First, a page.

• White children from age 4 preferred White peers and inferred that their mothers would prefer White children by age 5 (Lam, Guerrero, Damree, & Enesco, 2010).
  • Social preferences based on race emerge between 2.5 and 5 years of age and do not affect social choices in infancy (Kinzler & Spelke, 2011). 
  • Infants at three months old demonstrate an ability to recognize faces of many races, at six months can recognize faces of the same race and marginally recognize faces of other races, and at nine months are only able to recognize faces of their own race (Kelly, Liu, Lee, Quinn, Pascalis, Slater, & Ge, 2009). 
  • Evidence demonstrates own-race preferences for social partners and different-race biases in social evaluations emerge during early childhood (Anzures, Quinn, Pascalis, Slater, & Lee, 2013).
  • Three year old children demonstrate a preference for toys that match the physical (racial) appearance of their own (Fawcett & Markson, 2010).
So much for the idyllic image of children encountering the world unburdened by judgements and preferences that are based on race. Children notice race and are actively making decisions based on race.

Kashdan goes on to provide two exhibits purported to support his color blind view of psychology. He questions why one would "expect someone's race to alter how they respond to questions about anxiety" specifically and opines that "arbitrarily assuming that someone's race should define them, that they should be labled, boxed, and shipped in a different container than other human beings because of the pigmentation of their skin and assumed cultural belief system is akin to racism."
Its not that racism doesn't exist, it does... but sometimes [race] just doesn't matter.
This sounds so nice. Judging people by the content of their character and not by the color of their skin. We've all heard that of course, because Dr. Martin Luther King Jr. stood up one day, looked long into the future, and showed us a path to a place we all might someday hope to be.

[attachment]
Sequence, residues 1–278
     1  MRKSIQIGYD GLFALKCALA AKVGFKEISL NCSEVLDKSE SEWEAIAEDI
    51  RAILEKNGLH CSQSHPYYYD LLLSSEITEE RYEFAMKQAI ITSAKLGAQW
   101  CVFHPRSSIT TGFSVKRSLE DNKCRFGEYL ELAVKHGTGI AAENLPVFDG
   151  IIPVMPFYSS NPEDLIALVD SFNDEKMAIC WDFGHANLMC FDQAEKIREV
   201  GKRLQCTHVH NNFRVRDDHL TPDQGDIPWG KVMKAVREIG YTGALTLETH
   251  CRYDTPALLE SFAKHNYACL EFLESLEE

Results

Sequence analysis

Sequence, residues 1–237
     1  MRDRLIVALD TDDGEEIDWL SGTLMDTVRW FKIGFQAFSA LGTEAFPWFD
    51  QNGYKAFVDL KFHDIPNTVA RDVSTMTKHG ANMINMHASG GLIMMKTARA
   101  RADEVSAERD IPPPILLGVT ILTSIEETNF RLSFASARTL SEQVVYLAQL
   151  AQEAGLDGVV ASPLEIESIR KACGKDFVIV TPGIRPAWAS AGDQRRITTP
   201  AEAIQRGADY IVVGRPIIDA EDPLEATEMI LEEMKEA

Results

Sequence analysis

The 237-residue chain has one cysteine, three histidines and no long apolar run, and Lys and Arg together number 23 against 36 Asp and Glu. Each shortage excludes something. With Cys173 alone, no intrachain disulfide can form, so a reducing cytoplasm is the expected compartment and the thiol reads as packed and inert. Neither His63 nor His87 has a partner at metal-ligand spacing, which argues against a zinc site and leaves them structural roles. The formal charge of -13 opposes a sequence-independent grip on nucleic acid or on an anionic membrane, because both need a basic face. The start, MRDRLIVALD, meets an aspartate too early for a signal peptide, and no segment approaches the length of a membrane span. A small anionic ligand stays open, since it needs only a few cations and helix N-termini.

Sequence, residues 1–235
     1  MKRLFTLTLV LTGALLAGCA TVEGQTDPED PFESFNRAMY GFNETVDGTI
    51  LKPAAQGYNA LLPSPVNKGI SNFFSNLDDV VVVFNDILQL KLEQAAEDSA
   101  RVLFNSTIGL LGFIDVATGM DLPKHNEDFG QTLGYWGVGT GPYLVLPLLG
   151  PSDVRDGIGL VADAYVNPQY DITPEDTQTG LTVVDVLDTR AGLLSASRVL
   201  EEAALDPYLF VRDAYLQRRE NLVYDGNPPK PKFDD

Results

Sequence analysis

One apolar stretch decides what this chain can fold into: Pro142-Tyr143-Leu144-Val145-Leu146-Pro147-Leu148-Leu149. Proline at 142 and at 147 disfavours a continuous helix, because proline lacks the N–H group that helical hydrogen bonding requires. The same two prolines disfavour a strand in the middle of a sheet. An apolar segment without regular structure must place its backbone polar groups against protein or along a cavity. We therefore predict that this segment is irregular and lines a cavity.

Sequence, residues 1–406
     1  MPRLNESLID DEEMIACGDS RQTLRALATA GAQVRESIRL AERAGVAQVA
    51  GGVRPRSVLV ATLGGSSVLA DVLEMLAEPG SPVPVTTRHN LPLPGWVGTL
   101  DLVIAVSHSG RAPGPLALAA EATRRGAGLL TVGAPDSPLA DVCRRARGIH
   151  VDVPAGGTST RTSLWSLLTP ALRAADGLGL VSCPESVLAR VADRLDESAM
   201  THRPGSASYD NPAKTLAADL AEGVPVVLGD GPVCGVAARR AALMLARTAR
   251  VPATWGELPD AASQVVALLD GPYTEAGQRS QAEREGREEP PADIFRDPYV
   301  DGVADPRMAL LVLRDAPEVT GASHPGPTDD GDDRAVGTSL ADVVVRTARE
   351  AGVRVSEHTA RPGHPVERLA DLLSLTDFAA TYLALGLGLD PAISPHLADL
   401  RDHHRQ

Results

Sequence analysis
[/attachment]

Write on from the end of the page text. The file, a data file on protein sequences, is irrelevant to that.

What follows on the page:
The problem is this: we aren't there yet. In his blog post, Kashdan cherry picks (called confirmation bias)  a couple of studies that don't demonstrate differences based on the race of an individual. He ignores an overwhelming body of peer reviewed literature that documents the pervasive effect of pervasive racism. 
  • Race matters when considering the reasons why minorities with schizophrenia are more likely to receive long-acting injectable antipsychotics (Krishan, Rosenheck, Woods, & Sernyak, 2012).
  • Race matters when considering how racial stress and intolerance of uncertainty are significantly correlated with chronic worry in a sample of Black women (Rucker, West, & Roemer, 2010). 
  • Race matters when considering that minorities receive mental health treatment at a much lower rate than  Whites (Broman, 2012).
  • Race matters in light of a meta-analysis that demonstrates associations between racism and mental health among Black Americans (Pieterse, Todd, Neville, & Carter, 2012). 
  • Race matters because multiple meta analyses demonstrates perceived discrimination has a significant negative effect on both mental and physical health (Pascoe & Smart, 2009). 
  • Race matters because for Blacks and Asian/Pacific Islanders, it is implicated as a risk factor for above normal incidences of antenatal depression (Gavin, Melville, Rue, Guo, Tabb-Dina, & Katon, 2011)
  • Race matters because experiencing race based discrimination is associated with significantly higher odds of being diagnosed with Generalized Anxiety Disorder (Soto, Dawson-Andoh, & BeLue, 2011).
So when doesn't race matter? There are times. In his blog post Kashdan cherry picks two examples. I'm sure their are others. However, the overwhelming evidence demonstrates that race matters. Additionally, the overwhelming evidence demonstrates that by not incorporating an awareness of the potential differences caused by race can cause white psychologists to inflict further discrimination-based violence on an individual person of color.